Always dreamed of being in the movies? You don’t need to be in Hollywood to do it. With more movies and TV show being shot than ever, production sets are filming nationwide, and that means no matter where you live in the U.S, you have an opportunity to be a movie extra. How? Many films now shot on location, so they are looking for local folks to work as extras and they pay about $100 a day. Bellow we guide you on how to get start, hot to find the gigs and the best bet to be prepared on set.

The first step is to have current and accurate photos, but they don’t need to be professional (in this case), but they should be good quality and show you realistically. It also helps to have a few different looks to show your versatility, and don’t try to be anything other than yourself.

The second step is to find the gigs, so register online with casting companies like Actors Access (ActorsAcess.com), Backstage (Backstage.com) and Casting Networks (Home.CastingNetworks.com). Also smart is to hit the social media and follow local casting agencies and directors, who use Facebook to announce casting calls. You can find them at the Casting Society of America’s website (CastingSociety.com).

When you are applying its important to read and follow the instructions exactly. If the casting call is in person, bring the photos. If it is via email, make sure your email contact is correct and updated. If they ask you to include specific words in the subject line, do so. Directors view hundreds of submissions at a time. Don’t give them a reason to eliminate you.

The third step is to be prepared on set doing the best possible job once you are hired. So, show up on time and ready to work, that means dressed and groomed. Extras on current-day TV shows and movies are often required to bring their own wardrobe. A good tip is to remove valuables and keep your car gassed up, so if the show needs to use an extra car, you can earn extra cash. Sometimes they just need to park the car on the set, other times you may driving it.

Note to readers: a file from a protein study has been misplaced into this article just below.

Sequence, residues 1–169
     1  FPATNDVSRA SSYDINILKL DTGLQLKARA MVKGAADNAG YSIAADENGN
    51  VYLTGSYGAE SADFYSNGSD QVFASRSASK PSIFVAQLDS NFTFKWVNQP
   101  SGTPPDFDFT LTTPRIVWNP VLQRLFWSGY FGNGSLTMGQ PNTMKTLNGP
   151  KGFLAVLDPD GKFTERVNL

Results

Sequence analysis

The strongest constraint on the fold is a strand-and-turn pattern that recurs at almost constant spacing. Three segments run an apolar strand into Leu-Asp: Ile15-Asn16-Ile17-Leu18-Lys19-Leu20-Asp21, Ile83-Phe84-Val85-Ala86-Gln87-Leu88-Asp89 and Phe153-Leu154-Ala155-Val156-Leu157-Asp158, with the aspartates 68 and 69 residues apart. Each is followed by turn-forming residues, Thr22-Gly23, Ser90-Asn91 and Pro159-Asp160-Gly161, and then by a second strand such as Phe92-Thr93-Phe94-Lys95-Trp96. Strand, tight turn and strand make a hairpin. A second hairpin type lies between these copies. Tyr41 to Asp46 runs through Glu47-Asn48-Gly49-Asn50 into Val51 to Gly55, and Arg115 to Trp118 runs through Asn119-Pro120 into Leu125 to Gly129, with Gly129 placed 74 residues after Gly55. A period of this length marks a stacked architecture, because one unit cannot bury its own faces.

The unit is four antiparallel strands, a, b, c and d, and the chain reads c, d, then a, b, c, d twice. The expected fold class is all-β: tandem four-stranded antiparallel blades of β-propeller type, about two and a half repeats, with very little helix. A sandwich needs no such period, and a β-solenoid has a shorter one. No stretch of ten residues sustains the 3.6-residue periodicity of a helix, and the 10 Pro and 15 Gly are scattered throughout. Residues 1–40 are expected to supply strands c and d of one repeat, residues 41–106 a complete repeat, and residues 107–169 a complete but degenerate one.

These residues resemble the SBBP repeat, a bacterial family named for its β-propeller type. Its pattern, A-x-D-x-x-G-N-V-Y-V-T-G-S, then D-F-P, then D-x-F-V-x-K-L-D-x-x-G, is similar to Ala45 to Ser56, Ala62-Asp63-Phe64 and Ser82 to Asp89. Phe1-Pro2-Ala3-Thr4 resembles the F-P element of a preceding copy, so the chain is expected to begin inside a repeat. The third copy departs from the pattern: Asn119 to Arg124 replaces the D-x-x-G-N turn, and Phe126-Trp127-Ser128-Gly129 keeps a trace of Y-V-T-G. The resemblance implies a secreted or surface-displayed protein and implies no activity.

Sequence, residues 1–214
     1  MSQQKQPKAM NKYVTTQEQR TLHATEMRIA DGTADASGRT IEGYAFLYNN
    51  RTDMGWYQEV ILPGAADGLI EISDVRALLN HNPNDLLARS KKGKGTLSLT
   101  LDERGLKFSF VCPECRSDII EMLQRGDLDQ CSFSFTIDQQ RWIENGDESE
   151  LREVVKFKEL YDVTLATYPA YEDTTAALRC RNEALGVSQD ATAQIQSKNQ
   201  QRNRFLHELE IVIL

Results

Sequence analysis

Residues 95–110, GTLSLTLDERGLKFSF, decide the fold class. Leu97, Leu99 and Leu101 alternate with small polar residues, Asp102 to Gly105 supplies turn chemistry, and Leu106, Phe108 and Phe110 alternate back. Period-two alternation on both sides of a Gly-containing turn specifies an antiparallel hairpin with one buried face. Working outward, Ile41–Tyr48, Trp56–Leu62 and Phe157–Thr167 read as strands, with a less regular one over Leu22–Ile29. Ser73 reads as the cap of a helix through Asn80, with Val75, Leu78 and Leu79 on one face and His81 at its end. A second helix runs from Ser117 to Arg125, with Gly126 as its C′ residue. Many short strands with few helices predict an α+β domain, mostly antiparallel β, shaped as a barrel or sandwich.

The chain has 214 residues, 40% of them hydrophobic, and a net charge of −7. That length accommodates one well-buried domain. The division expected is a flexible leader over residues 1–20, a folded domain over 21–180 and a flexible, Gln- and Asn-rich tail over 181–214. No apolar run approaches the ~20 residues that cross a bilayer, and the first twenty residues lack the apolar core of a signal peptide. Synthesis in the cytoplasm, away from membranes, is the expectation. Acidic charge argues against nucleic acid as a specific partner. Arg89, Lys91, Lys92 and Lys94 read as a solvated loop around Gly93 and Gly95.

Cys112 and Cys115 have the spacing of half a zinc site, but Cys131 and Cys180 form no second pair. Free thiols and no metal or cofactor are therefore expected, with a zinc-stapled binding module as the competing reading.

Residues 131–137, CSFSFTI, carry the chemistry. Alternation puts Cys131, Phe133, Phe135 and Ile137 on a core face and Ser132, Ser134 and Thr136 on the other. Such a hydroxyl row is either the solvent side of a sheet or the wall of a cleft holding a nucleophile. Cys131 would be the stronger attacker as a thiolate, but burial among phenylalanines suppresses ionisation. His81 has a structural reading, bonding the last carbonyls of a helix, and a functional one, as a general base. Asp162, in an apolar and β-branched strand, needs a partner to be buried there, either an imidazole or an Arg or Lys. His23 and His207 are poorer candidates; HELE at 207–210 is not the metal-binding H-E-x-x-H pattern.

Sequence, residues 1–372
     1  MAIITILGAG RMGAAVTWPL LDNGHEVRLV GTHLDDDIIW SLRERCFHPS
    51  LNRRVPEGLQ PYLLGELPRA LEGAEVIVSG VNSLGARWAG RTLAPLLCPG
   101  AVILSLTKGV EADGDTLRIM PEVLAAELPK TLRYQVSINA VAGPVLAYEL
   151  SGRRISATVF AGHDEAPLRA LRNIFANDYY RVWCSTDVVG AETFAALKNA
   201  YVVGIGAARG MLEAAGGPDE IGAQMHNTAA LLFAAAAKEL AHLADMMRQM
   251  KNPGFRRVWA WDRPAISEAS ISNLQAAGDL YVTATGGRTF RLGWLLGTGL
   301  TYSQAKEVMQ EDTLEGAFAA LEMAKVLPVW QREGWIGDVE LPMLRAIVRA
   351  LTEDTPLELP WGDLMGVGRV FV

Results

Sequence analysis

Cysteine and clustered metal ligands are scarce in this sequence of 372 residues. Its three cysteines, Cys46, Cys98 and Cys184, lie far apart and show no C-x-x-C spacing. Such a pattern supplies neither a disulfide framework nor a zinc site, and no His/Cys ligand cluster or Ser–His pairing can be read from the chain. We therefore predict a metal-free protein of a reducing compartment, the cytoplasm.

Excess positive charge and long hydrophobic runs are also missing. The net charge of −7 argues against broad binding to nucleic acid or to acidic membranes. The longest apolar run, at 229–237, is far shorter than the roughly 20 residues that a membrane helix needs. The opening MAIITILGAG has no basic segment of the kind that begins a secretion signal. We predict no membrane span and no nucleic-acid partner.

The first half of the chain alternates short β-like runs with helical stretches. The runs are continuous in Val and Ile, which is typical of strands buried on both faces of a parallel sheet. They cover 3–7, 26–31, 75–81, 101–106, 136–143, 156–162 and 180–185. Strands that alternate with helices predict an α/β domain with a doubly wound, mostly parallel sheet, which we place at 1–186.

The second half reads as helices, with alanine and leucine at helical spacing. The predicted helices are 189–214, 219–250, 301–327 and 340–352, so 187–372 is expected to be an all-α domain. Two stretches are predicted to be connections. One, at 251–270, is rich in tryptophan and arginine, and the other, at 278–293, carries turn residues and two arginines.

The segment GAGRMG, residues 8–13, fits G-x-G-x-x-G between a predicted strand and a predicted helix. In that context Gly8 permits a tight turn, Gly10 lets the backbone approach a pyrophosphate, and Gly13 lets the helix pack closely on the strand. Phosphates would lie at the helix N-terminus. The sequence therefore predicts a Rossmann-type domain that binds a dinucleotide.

The last step is to be professional! Tempted to chat with Brad Pitt or Jennifer Lopez? Refrain from approaching the star as well as the rest of the cast and crew. And don’t take pictures of the set and post on social medias! You can be banned for doing so. The best plan?  Pay heed to the production assistant, who is in charge of extras, and follow their instructions exactly.

Professional actors belong to three unions: Actors Equity Association (AEA or just “Equity), Screen Actors Guide (SAG), and the American Federation of Television (AFTRA). These, in turn, are members of an umbrella organization, the Association Actors and Artistes of America, known as the “Four As”, chartered by the AFL-CIO. In simplest terms, Equity has jurisdiction over performances and stage managers in live theater. SAG covers performances on film, some areas of tape, and in emerging area of the new media. AFTRA’s jurisdiction includes live and taped television, show, soap operas, commercials, radio, and recordings, as well as emerging areas of the new media. In addition to actors, singers, and dancers, its membership includes announcers, DJs, talk-show hosts, stunt people, sportscasters, and news persons.

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